Dragon's Dogma didn't do much for me.

Bayonetta ruined the DmC series for me.

Lost Planet/Monster Hunter never interested me.

I'm too lazy for Street Fighter/MvC.

That's all I got. Good post, Halinel.

Posted by Icemael

I don't share people's disappointment with the main Resident Evil series. I avoided playing Resident Evil 6 until a couple of weeks ago, partly because I didn't like the demo and partly because everyone said it was a massive piece of shit, and I ended up enjoying it quite a bit. The combat system is great and Leon's campaign is excellent in nearly every regard (the others aren't quite so good, but still enjoyable). I don't know why everyone said they turned it into a cover shooter -- it's not a cover shooter, it's RE4's melee-focused combat system except faster and with far more options for movement and evasion. You're not supposed to play it like Gears of War, you're supposed to run around tackling, punching, kicking and stomping heads, taking cover only occasionally to recover stamina or to shield yourself from fire for a second while deciding who to suplex next. No wonder everyone had a terrible time when they can't handle any combat system that's the least bit unconventional.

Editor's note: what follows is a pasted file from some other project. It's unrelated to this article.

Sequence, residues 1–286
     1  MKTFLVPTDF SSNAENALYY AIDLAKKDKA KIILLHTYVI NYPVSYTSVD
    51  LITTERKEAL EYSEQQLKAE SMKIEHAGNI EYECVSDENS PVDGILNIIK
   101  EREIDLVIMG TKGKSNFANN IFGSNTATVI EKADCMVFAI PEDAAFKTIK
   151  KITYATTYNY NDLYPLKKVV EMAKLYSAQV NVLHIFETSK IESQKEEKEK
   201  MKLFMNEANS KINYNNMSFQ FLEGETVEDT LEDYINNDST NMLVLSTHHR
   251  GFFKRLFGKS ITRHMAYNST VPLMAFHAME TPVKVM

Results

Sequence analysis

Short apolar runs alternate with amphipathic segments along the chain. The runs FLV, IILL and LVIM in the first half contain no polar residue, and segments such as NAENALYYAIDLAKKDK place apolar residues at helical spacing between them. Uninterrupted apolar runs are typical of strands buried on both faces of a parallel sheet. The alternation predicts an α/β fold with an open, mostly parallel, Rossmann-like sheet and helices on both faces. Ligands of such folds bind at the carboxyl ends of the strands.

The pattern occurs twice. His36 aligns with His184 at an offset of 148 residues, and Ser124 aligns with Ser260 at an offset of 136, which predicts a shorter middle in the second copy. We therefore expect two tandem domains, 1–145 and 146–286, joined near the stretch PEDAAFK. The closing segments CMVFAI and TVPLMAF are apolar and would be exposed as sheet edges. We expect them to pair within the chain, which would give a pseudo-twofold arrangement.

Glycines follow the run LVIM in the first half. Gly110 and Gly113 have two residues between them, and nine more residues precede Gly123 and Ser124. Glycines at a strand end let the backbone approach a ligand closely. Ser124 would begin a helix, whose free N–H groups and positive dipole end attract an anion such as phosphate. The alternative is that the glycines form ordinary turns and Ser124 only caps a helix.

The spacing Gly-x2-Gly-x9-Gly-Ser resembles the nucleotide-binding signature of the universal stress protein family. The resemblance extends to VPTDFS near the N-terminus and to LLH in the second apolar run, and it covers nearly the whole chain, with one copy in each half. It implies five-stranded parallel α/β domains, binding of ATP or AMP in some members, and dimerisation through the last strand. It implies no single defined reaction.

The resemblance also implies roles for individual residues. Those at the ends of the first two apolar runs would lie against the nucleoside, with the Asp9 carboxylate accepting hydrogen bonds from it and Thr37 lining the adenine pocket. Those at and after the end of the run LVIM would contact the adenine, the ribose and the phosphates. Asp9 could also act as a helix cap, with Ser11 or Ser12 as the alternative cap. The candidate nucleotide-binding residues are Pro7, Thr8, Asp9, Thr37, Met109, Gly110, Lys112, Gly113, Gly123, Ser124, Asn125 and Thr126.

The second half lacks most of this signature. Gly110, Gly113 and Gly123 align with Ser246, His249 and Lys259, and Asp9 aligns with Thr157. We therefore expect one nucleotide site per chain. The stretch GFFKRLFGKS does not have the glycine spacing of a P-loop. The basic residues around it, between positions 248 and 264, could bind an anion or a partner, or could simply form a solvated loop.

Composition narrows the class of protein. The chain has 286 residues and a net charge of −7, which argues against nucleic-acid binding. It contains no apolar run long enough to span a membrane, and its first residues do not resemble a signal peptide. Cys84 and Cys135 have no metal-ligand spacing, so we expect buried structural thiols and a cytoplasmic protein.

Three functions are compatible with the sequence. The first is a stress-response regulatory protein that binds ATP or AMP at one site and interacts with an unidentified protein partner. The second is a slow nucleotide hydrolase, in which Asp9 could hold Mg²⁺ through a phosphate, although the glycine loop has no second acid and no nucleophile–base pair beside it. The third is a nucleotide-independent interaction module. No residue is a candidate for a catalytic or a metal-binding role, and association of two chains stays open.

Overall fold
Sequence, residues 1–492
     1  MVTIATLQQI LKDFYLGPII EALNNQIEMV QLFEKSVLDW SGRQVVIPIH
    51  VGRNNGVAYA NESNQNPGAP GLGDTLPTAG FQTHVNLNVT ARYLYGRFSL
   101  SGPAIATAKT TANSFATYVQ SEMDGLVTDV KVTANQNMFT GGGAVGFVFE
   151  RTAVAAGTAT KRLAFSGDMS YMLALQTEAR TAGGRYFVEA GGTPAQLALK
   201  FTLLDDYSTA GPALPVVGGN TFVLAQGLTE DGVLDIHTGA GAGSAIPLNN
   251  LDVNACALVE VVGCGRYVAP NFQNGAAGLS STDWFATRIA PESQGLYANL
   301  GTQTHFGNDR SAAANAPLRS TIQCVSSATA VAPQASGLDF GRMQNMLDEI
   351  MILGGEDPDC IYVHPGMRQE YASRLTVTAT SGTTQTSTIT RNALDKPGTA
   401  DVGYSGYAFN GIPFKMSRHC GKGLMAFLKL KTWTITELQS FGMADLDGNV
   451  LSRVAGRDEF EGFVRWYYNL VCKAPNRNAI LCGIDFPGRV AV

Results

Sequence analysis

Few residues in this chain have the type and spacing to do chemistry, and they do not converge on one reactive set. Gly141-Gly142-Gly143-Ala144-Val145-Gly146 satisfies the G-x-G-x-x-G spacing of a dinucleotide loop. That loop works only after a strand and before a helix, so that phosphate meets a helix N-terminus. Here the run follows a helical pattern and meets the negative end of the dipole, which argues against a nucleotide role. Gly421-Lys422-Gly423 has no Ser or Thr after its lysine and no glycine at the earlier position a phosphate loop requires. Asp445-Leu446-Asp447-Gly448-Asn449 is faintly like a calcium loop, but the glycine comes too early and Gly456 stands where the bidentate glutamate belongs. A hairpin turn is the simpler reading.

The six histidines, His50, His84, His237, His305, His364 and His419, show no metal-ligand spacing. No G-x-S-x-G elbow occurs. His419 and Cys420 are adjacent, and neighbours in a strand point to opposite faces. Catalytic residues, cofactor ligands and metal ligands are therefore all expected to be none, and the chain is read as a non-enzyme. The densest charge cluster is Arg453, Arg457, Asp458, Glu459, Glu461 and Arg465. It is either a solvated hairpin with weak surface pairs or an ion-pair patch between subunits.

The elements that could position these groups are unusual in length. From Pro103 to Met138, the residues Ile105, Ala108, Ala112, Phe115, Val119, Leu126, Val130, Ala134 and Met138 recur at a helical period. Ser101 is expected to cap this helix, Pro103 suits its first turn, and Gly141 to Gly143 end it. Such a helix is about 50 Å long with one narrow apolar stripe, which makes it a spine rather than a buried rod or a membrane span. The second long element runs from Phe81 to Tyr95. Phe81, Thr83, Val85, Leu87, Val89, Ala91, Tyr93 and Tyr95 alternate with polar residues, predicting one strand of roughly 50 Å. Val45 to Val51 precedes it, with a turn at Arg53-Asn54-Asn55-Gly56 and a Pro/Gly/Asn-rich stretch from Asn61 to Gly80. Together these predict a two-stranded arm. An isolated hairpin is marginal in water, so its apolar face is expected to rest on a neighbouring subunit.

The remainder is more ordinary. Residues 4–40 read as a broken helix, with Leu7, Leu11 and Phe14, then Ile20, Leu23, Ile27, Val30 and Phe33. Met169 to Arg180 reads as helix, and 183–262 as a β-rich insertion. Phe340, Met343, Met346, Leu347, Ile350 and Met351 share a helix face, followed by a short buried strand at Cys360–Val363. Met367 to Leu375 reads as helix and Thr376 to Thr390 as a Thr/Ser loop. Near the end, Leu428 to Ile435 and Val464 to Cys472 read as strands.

(Ironically, if they had designed it as a cover shooter, it would probably be more well-received, since that would mean the controls, level design and enemy design would actually have been suited to that style of play.)

Posted by golguin

@hailinel said:

@adam1808 said:

Agreed on your points on RE6 as I'm currently trudging through that game. Oof that game is awful. Also DmC was a brilliant idea, if you had said Dead Rising 2 or Lost Planet 2 I would be with you.

Opinions are really going to vary on which games were the true misfires, but I agree with you in spirit.

@extomar said:

Capcom fell into the trap some developers fell into. This isn't necessarily a Japan/East thing but a "king of last gen flailing about in next gen" where it has hit some NA/West developers as well. When a producer "ran out of ideas" they looked around and tried to copy what another was doing that they thought was successful. The end result was something that was expensive but "imitation quality". Who wants that?